If you do not see an immediate benefit, I suggest the next step would be second opinion from someone in reproductive health that specializes in painful intercourse. I am not familiar with any specific medical condition that would lead to this “little dry patch” for lack of better descriptors. From the little I know about that particular real estate, I find it difficult to conceive how one would even establish the presence of such a thing based solely on visual inspection of the vaginal area. I feel that if there was a readily visible area that was thought to be related to your symptoms, it must be distinctly different in appearance from the surrounding skin to stand out, in which case a biopsy probably would be warranted.
The other rather obvious option is to go back to the original treating provider and have a little sit down to review
what exactly is wrong
does it have a real medical name
how you both know that is the correct diagnosis
what might be tried next since the first try did not seem to help
Be sure to mention how you rightly feel about surgical options, and your concerns about estrogen.
Unfortunately, I've tried adding lubrication, and it doesn't work. Lubricated condoms, no condoms (partner history known and oral BC used), lubricants, and various combinations of the above have been tried without success.
I've been doing ridiculous amounts of research over the past four days, and the best fit that I can find is something called Vulvar Vestibulitis. It's characterized by pain in the area I described, and is sometimes accompanied by observable physical differences and sometimes not. It ranges in severity from mild pain during intercourse to pain from tight clothing or even sitting down!
A lot of doctors now thing that it's one of the most common causes of pain during sex, but no one knows what the cause(s) is, or what treatment works best. So now I've got a name, but I'm still sort of shooting in the dark. I have access through my school to a vast number of computerized medical journals, and the differing opinions are truly daunting.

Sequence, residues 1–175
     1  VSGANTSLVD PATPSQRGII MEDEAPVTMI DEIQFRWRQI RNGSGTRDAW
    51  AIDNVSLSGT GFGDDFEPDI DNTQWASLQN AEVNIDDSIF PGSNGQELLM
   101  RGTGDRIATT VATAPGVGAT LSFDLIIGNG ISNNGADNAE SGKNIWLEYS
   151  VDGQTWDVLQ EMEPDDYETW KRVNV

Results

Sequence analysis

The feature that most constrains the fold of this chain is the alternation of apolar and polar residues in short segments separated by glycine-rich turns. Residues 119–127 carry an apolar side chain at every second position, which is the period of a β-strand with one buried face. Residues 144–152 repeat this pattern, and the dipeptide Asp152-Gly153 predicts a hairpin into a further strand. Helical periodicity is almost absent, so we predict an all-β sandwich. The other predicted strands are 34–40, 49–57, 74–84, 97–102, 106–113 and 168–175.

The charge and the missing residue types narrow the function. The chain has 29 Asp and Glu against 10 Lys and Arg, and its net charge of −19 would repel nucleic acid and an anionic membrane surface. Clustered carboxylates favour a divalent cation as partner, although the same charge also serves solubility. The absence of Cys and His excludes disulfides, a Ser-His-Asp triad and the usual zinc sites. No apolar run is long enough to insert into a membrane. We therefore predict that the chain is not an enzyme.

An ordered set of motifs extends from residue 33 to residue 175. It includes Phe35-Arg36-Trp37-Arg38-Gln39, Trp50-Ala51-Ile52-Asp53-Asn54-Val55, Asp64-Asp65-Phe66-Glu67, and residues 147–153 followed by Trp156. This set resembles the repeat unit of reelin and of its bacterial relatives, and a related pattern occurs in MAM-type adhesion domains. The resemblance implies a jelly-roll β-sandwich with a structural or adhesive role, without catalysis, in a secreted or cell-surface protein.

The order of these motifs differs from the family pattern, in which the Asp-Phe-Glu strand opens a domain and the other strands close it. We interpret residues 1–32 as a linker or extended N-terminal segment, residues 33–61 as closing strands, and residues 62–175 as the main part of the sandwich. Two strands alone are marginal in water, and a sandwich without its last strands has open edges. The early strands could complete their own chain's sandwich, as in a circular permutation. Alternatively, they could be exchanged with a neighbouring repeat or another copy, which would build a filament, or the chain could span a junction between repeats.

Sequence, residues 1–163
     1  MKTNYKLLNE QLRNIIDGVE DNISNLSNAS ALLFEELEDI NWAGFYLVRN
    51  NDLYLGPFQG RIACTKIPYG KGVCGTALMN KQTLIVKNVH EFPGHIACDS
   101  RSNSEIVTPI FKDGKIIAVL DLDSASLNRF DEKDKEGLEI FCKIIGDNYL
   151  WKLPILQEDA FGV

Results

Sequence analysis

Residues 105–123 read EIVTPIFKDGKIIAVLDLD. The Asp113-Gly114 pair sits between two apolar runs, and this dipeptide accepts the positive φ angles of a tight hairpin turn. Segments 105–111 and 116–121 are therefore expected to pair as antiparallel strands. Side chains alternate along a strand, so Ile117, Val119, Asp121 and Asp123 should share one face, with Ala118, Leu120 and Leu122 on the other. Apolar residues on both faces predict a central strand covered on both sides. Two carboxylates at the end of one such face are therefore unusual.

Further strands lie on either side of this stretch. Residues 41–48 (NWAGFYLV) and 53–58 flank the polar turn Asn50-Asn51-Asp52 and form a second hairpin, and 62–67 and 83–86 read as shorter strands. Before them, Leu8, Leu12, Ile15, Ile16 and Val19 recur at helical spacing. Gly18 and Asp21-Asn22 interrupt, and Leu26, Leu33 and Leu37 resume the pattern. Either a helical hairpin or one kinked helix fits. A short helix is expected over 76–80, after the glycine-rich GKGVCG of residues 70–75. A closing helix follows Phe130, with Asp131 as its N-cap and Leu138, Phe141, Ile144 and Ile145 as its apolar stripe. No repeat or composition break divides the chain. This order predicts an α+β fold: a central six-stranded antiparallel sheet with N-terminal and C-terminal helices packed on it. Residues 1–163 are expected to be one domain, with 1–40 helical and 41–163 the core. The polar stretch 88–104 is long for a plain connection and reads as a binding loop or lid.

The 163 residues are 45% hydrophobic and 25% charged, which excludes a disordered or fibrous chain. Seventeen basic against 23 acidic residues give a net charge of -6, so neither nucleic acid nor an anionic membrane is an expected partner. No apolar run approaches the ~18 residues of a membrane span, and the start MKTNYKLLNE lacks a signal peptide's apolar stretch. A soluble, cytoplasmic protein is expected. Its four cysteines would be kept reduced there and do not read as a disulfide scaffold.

I know that my first step will be to discuss this further with my gynecologist, and to find a specialist if necessary, but beyond that, I have no idea. Some people say psychotherapy, some say treatment with trycyclic antidepressants (which are terrifying, IMO), biofeedback, topical steroids, topical estrogen (like what I was prescribed), dietary changes, and surgery (which many articles reported as being very successful).
So I'm glad I have a name for it now (if I'm right), but I'm overwhelmed by the fact that so little is known about it. I have no idea what the chances of recovering from this are. So I'm off to talk with my doctor and do more research.
Again, thanks so much for your reply.
[This message has been edited by Gray (edited 04-11-2005).]
Copyright 1998, 2014 Heather Corinna/Scarleteen
Scarleteen.com: Providing comprehensive sex education online to teens and young adults worldwide since 1998
Information on this site is provided for educational purposes. It is not meant to and cannot substitute for advice or care provided by an in-person medical professional. The information contained herein is not meant to be used to diagnose or treat a health problem or disease, or for prescribing any medication. You should always consult your own healthcare provider if you have a health problem or medical condition.